The stark similarities between swine flu and regular flu, may make you wonder if there exists any difference between them. This article highlights the similarities and differences between the two.
Swine flu, the number one health concern all over the world today, was first detected in the US, in April 2009. The genesis of swine flu 2009, is believed to be from a pig farm in Vera Cruz, Mexico. This strain of influenza A, called H1N1 has crossed over from pigs to the human population.
In October 2009, President Barack Obama declared swine flu as a national emergency. So what’s all this hype about swine flu? Why has it gained such a lot of attention? Isn’t swine flu a type of flu? Although swine flu and regular seasonal flu seem to bear semblance to one another, they are not the same. Let’s understand their differences in detail.
Seasonal flu or regular flu can be caused by myriads of different kinds of viruses. Regular flu is caused by influenza types A, B, or C. Seasonal flu strains appear throughout the world, causing temporary discomfort. Development of new strains is a frequent phenomenon every year, which is why a continuous flow of regular flu vaccines are seen to be introduced into the market. Seasonal flu usually does not pose any long term threats to an average person. As the years go by, the body builds up an immunity to fight regular flu. Most deaths caused by regular flu are attributed to people with exceptionally weak immune systems.
Swine flu is actually a disease mostly observed in pigs, and its transmission from pigs to humans isn’t that common. However, swine flu is not a new disease. In fact, the earliest record of swine flu was in 1918. Thereafter, a pandemic again emerged in 1976, 1988, 1998, and now in 2009. The 2009 swine flu has been caused by a different strain of virus, which shares genes with the virus that causes flu in pigs. Novel H1N1 Influenza A is the official, scientific name for swine flu. The H in H1NI stands for hemagglutinin, while N stands for neuraminidase, and the 1 stands for their antibody type.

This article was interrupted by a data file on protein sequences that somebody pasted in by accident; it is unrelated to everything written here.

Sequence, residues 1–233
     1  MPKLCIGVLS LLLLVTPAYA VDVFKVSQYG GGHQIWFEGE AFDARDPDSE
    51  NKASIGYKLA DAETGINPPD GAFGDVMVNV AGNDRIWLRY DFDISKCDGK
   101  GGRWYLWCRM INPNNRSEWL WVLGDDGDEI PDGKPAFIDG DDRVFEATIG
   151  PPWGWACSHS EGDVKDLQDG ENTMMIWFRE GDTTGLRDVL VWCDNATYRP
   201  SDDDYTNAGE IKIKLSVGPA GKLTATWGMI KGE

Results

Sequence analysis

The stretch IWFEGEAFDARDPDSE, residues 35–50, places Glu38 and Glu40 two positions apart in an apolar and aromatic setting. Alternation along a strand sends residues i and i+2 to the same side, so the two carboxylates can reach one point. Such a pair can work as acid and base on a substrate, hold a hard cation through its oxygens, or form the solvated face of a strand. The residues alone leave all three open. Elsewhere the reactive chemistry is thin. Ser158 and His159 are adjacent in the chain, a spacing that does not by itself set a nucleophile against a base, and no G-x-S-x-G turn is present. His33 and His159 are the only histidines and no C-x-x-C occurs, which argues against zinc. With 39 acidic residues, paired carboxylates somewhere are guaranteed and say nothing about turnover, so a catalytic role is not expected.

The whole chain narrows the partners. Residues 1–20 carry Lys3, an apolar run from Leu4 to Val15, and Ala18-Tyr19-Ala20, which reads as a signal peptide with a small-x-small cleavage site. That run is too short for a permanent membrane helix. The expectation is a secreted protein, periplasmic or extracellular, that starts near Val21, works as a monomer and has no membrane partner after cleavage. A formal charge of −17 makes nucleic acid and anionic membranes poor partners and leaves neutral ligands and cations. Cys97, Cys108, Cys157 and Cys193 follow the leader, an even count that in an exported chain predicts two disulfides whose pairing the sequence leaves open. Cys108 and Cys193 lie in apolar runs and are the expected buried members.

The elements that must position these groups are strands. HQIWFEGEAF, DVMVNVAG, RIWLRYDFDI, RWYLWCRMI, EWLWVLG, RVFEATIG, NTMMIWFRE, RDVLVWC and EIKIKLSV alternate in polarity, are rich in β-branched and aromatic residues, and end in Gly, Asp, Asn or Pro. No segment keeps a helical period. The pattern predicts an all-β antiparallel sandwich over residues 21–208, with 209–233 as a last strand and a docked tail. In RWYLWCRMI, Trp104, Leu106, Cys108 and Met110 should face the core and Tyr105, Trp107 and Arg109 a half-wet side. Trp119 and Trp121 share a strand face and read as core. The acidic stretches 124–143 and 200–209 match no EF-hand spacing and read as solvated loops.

Similarities Between Swine Flu and Regular Flu
Mode of Spreading
Seasonal flu spreads from one person to another, through contact. If a person infected with regular flu touches something, the next person coming in contact with that object can get infected by the virus. Similarly, swine flu can also get transmitted from one person to another.
The most common symptoms of regular flu are cough, sore throat, headaches, weakness, chills, fever, muscle pain, and general discomfort. Symptoms like vomiting and nausea are also seen in children, and pneumonia is seen in severe cases of influenza attack. The symptoms of swine flu are also similar, with cough, sore throat, headaches, weakness, chills, fever, muscle pain, diarrhea, vomiting, etc., affecting the infected person.
Swine Flu Vs. Regular Flu
H1N1 is a new strain of virus, to which none of us have been exposed. Moreover, since it originated in pigs, humans do not have any natural immunity towards it. However, vaccines are being prepared in full swing to help us counter this virus. Regular flu, on the other hand, is something we have all grown up with.
Our bodies have developed a natural immunity towards it, and we also have vaccines prepared to counter the severe strains. Vaccines are designed to build up one’s immunity, and the regular flu vaccine comprises a combination of 3 most common human flu viruses. This regular flu shot is not effective against swine flu, which is why getting the specific swine flu vaccine is essential.
Difference Between Swine Flu and Regular Flu Symptoms
Since most of the symptoms of swine flu and regular flu are the same, it’s so difficult to differentiate between the two. However, when it comes to swine flu, the symptoms tend to last longer. The greatest danger is that of the swine flu virus settling in the respiratory system, which can result in serious respiratory problems.
When a comparison is done, seasonal flu is seen to affect the elderly, and those with weak immune systems. Swine flu, on the other hand poses more risk to young adults, below the age of 25. Somehow, it appears that people above the age of 65 are less likely to be infected by the swine flu virus (this doesn’t mean it does not). One reason could be because these people were exposed to similar (though not same) strains of the swine flu virus in the 1900s.
Aggravation of Symptoms
In case of regular flu, the symptoms last for a few days and then subside, however, in case of swine flu, the symptoms aggravate and do not show any signs of alleviating. This means the symptoms show even after 6-7 days of the infection. Swine flu can cause serious respiratory problems in even healthy people.
There is only a thin line of difference between swine flu and regular flu. Although the symptoms of swine flu are more or less similar to those of a regular flu, a swab test helps differentiate between the two. Your health care provider can tell you if you have swine flu or not, so make sure you consult him or her before coming to any conclusions.